Oh man, this post really affected me. I'm too young to remember the days where being gay could easily get you fired, so I know I have it really good. But when you talked about the overwhelming positive reinforcement that heterosexual couples get -- that really hit me. My sister is planning to bring her new boyfriend to a family event, and I know the whole extended family is going to be falling all over themselves to welcome him and congratulate them. And I've been dreading the event just because it's hurtful to me that they don't treat me (the lesbian sister) like that. For a long time, they didn't know about my relationships at all. It makes me feel weird and alone.

Anonymous said...

Oh Dave,

thank you for this post!!!

In 1999 at the party we celebrated after finishing ou studies as social-teachers and social-workers I was the second person my friend at univeristy came officially out to me and told me he was gay. I was the second person he told after he had told his mother about it. And I didnt know how to respond honestly. Not because he was gay but because of the fact that his behaviour (very feminine behaviour and clothes and talkting very softly) had made is obvious to everyone else all the time. (Even my Dad asked if the young man was gay after talking to our answering-machine for the first time.)

I just told him that it was no problem for me and I loved and liked him the same as always. It was not as big a deal for me as it was for him. 12 years later we are still very good friends. Now he is living with his partner in the next town. They bought a house together and they are a nice couple just like hererosexuell couples I have a friends.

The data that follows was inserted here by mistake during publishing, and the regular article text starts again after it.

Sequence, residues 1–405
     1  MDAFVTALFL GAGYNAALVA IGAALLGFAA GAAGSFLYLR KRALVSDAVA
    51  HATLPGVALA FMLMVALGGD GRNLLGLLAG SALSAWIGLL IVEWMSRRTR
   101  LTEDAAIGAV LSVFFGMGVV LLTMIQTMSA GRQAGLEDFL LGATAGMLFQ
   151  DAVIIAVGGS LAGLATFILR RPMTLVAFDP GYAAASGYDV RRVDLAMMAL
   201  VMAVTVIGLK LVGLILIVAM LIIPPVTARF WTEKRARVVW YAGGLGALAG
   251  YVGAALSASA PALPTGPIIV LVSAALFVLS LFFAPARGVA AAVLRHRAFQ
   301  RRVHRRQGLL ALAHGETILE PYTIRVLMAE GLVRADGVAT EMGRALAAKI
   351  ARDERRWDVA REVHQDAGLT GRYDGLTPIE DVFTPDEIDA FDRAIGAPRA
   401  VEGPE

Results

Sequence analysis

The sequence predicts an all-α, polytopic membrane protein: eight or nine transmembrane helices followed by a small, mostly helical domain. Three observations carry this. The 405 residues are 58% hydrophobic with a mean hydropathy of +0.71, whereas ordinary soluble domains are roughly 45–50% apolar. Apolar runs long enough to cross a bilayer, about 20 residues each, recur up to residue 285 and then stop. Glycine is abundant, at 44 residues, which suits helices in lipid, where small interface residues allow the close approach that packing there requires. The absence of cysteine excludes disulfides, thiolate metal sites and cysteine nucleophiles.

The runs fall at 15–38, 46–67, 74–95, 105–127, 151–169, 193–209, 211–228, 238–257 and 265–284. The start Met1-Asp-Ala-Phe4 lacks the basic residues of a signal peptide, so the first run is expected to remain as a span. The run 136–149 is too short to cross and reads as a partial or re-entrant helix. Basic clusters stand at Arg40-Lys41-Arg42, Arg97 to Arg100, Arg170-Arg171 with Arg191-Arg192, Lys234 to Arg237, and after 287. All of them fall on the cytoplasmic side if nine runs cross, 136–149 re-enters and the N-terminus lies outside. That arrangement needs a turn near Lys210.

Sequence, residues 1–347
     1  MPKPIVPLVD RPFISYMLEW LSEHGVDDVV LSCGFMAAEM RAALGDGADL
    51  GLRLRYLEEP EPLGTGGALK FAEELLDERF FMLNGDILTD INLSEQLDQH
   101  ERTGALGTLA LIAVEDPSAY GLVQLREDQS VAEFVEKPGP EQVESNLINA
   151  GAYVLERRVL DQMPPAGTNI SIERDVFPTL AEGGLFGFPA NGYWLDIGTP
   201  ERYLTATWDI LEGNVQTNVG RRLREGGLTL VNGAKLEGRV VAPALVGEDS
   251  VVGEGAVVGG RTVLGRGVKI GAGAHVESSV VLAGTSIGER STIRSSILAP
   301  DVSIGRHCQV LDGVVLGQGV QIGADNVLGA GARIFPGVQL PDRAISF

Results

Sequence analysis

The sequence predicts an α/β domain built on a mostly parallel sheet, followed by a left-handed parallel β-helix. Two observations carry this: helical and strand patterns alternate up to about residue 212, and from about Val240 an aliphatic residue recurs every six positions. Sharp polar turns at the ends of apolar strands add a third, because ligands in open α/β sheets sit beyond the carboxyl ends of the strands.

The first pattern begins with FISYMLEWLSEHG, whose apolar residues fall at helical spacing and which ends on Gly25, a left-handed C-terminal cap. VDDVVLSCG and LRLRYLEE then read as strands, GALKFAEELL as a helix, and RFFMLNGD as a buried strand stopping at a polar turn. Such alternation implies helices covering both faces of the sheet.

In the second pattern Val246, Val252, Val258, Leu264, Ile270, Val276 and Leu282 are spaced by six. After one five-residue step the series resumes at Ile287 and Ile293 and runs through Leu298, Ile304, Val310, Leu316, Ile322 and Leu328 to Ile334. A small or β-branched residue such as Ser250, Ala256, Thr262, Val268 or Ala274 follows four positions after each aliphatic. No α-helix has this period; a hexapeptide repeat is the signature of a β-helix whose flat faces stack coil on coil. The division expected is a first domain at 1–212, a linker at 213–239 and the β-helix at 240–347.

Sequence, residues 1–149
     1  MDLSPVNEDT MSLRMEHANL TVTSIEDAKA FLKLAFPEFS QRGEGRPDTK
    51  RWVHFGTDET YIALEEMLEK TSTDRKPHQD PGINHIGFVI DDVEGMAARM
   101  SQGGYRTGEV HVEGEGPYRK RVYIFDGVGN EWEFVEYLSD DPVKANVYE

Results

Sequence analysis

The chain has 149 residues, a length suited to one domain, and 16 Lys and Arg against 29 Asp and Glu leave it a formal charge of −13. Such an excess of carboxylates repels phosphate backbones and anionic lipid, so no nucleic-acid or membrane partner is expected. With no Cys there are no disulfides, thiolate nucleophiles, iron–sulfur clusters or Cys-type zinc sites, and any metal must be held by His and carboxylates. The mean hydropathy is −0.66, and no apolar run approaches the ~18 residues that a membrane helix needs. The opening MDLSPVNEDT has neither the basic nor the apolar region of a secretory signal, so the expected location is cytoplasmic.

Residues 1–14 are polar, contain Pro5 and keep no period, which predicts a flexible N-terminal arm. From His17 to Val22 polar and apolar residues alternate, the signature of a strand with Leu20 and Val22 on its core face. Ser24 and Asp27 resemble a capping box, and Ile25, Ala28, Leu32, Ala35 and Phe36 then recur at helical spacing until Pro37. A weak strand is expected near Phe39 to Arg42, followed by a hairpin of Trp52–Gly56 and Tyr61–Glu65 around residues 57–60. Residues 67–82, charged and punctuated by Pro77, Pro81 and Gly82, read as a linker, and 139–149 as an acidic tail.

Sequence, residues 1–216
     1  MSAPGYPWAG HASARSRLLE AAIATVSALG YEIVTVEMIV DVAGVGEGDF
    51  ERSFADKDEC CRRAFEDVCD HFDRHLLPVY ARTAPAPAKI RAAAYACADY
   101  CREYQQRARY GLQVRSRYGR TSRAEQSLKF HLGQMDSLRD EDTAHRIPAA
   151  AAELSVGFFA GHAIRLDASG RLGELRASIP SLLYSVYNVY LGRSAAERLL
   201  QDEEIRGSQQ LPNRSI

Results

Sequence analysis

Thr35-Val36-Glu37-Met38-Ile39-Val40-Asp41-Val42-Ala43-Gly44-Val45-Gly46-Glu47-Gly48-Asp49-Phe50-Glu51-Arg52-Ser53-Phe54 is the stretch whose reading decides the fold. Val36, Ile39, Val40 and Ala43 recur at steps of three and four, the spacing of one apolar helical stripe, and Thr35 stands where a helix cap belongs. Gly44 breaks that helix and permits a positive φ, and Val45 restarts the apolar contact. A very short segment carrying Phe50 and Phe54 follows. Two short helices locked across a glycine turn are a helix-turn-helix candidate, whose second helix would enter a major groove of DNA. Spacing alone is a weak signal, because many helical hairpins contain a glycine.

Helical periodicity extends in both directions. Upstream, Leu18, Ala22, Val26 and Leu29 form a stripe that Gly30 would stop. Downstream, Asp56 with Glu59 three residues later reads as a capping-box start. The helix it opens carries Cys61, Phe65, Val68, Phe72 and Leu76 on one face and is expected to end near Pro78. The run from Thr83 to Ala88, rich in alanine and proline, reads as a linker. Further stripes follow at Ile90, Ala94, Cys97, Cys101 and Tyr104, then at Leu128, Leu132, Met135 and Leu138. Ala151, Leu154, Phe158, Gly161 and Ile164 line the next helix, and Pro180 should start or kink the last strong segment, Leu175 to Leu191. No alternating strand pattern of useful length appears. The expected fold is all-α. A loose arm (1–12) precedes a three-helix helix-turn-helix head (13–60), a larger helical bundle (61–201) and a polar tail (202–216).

I am glad it was not a big deal back then and now becomes a concept that ist not that unusual today, to live the life you want to in whatever linfingconcept you wish to.

But the third and second paragraph in your post spoke to me. It is like I myself feel very much nowadays. Nope, I have no homosexual orientation. But I can not tell stories or mingle with the people at my work place or at family parties as much as I want to.

A lot of my lifetime I just try to do my work every day and the other time I am just tired and often very depressed. My chronic illness makes it difficult to date or have a partnership and I envy all the people who have children and a "normal" family-life. I often feel left out and have become a very good actor and social-gatherings so nobody notices how lonely or sad and sick and left out I often feel.

Maybe if I go on tryiing that will change one day too.

You taught me not to give up just by telling things like they are.

Thank you

Anonymous said...

sorry, I am tired today...

I was talking about the third and fourth paragraph!


Colleen said...

Dear Anonymous:

I don't know you - just want to reach out to you. Feeling weird and alone when everyone in your family is celebrating your sister's relationship is really hard. I can't change that but I hope it helps a little to know that there is someone out here in blogland who wishes you well.


wendy said...

Oh Dave...the chord this strikes. I remember the deft avoidance of pronouns, the fine line between omission and lie, the anxiety when a trusted co-worker suddenly turned on me...would she out me to families? Like you, I had a loving partner at home. I had joy that I kept neatly tucked out of sight.